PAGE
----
Executive Vice President and Provost
by Christopher Shinn
Directed by Richard Glockner
In Dying City, a young therapist, Kelly, whose husband Craig was killed while on military duty in Iraq, is confronted a year later by his identical twin Peter, who suspects that Craig’s death was not accidental. Set in a downtown-Manhattan apartment after dark, scenes shift from the confrontation between Peter and Kelly, to Kelly’s complicated farewell with her husband Craig. Shinn’s disturbing, sophisticated drama—infused with references to 9/11 and the war in Iraq—explores how contemporary politics and recent history have transformed the lives of these three characters.
Planetarium shows at 7 and 8 p.m. lasting about 30 minutes each. Free and open to the the public.
Maquilapolis, or “the city of factories” is a documentary about female workers in Tijuana’s assembly factories called the maquiladoras. The film focuses on the personal stories and struggles of these women as they fight to better their living and working conditions.
Steven Shaffer, industrial hygienist for EMC Insurance Companies, will present "The Bad and the Ugly: A Case for Chemical Management."
UNI School of Music faculty artist Matthew Andreini will present a percussion recital. This event is free and open to the public.
Andrew Bacevich, an expert on U.S. foreign policy and military affairs, talks about the forces that have shaped U.S. national security and the rise of a "perpetual war" that affects the economy, society and politics of the United States, and our place in the world. What is the proper role of the U.S. military in the world? Can terrorism be defeated militarily? Can the aspiration of unchallenged global dominance be sustained? A retired army colonel and professor at Boston University, Bacevich addresses these issues with a sense of realism and a historical perspective that challenges many common assumptions.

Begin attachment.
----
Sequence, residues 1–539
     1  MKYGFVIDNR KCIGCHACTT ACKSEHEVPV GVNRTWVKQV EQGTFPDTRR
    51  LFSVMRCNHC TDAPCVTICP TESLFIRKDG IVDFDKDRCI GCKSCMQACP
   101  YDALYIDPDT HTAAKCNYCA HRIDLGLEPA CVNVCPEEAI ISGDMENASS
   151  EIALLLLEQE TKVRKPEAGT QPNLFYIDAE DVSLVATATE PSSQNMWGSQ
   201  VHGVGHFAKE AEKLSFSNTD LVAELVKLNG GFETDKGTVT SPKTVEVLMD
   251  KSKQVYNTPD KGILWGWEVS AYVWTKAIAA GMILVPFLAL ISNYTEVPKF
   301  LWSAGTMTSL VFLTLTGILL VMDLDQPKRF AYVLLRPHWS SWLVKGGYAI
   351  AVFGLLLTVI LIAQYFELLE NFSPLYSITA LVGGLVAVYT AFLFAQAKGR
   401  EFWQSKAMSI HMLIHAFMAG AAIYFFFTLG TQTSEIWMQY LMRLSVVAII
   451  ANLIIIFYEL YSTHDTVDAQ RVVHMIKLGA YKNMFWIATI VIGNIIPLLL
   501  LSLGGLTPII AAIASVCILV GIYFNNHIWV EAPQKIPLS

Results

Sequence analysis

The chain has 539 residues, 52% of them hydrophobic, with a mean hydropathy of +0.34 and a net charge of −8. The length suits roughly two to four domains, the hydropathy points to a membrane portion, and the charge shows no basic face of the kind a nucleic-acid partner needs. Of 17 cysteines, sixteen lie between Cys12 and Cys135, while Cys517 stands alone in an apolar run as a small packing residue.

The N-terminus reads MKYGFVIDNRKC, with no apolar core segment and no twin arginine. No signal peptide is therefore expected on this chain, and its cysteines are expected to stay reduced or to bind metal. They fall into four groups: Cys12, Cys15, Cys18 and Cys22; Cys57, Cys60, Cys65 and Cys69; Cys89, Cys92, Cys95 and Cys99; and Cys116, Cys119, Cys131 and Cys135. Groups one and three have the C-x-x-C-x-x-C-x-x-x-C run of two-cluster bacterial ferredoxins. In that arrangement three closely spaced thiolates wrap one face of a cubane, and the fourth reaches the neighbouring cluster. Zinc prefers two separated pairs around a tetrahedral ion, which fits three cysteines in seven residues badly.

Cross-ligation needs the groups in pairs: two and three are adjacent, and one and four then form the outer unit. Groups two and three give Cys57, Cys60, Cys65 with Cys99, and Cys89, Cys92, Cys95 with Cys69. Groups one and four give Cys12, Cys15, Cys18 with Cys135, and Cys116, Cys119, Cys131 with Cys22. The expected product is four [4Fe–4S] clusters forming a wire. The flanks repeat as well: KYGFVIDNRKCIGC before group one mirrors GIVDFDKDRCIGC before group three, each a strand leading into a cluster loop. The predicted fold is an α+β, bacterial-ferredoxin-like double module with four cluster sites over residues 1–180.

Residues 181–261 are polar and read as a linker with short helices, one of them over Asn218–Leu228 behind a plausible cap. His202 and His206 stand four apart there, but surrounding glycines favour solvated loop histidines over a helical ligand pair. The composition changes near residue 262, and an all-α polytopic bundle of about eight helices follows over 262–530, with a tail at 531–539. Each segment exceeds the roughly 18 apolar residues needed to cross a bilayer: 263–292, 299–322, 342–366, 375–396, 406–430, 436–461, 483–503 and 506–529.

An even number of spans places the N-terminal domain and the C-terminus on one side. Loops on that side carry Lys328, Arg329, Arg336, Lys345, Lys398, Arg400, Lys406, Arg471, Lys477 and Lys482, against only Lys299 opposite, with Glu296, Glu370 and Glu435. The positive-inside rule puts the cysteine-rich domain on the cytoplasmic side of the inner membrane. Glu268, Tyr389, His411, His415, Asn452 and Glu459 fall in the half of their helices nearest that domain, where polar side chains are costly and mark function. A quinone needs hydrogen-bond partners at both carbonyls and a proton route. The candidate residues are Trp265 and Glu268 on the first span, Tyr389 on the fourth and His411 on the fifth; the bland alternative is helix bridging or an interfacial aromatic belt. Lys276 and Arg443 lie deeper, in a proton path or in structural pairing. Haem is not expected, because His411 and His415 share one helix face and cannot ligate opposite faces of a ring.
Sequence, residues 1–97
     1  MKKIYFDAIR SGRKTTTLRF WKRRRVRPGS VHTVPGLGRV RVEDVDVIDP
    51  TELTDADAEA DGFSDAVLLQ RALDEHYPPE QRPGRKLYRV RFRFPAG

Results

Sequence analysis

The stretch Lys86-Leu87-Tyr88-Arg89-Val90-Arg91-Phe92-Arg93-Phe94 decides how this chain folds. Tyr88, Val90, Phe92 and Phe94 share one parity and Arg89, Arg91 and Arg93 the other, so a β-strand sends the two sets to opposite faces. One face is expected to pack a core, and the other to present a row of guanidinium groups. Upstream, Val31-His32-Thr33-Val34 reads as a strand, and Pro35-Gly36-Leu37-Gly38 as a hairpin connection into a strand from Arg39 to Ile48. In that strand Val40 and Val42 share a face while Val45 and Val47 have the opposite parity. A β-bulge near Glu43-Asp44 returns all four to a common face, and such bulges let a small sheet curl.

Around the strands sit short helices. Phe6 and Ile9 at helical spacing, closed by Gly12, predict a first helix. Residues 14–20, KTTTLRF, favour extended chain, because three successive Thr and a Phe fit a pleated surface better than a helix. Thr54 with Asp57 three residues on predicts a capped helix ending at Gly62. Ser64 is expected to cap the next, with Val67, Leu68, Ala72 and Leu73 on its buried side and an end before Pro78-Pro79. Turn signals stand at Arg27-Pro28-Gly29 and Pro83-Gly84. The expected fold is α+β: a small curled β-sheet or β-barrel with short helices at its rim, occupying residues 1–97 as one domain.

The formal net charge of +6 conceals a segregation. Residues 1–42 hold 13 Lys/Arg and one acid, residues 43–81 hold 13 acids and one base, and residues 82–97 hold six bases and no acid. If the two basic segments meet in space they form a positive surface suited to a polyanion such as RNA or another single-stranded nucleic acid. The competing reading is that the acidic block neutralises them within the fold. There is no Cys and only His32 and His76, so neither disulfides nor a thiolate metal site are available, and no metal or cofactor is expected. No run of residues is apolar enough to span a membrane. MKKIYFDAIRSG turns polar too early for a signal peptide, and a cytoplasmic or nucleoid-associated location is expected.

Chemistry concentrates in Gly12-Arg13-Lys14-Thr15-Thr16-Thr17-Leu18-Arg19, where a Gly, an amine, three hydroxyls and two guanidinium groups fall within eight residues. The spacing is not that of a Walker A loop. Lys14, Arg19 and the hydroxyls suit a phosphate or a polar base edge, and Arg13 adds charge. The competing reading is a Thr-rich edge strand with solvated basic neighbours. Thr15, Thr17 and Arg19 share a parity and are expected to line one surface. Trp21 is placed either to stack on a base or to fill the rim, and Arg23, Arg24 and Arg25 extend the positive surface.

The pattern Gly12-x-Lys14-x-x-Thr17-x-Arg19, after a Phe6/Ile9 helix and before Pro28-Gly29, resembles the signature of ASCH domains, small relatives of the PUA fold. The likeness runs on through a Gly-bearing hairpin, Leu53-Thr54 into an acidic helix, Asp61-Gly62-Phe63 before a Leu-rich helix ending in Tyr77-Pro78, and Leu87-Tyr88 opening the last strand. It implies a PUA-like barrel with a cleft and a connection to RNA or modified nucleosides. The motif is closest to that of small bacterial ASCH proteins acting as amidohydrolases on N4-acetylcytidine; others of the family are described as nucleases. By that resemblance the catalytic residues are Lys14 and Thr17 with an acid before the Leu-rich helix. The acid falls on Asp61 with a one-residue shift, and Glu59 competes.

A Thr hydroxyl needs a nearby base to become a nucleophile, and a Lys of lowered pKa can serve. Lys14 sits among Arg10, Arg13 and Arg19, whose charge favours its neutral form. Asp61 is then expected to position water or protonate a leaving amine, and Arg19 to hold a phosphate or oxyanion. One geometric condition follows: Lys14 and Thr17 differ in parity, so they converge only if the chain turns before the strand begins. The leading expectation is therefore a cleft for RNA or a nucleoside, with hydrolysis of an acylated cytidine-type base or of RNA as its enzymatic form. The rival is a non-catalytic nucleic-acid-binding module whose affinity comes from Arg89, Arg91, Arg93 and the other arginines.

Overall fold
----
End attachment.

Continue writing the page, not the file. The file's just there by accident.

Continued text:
The UNI "Writers Talk" Reading Series will host a "Leap Day Poetry Reading" by poet Kim Groninga, the nonfiction editor of the North American Review. Groninga teaches composition and creative writing at UNI, and is the author of the poetry collection Other Things That Grow. This event is free and open to the public.
Newspapers play an important role in a democracy by contributing to an informed public. Nancy Newhoff, Waterloo/Cedar Falls Courier editor, will discuss the Courier's focus, how news is selected and trends affecting newspapers. Free and open to the public (also presented Thursday, Feb. 16, 3:30-4:40 p.m. in Oak Room, Maucker Union). Sponsored by the American Democracy Project and the Office of the Executive Vice President and Provost.
UNI’s Real Estate organization, Rho Epsilon, will host Rally Appraisal. Learn about the company and opportunities available for internships and full-time employment. Free pizza will be served at the Other Place after the meeting. All majors are welcome.
The human brain has evolved to efficiently process information related to race with same-race faces being processed differently than other-race faces. Dr. Kim MacLin and Dr. Otto MacLin, Professors of Psychology, UNI, will discuss how this differential processing affects recognition accuracy, memory, stereotypes, and prejudice in laboratory and real-world contexts. This program is presented in conjunction with the exhibit RACE: Are We So Different? on display at the University Museum February 6 through June 9.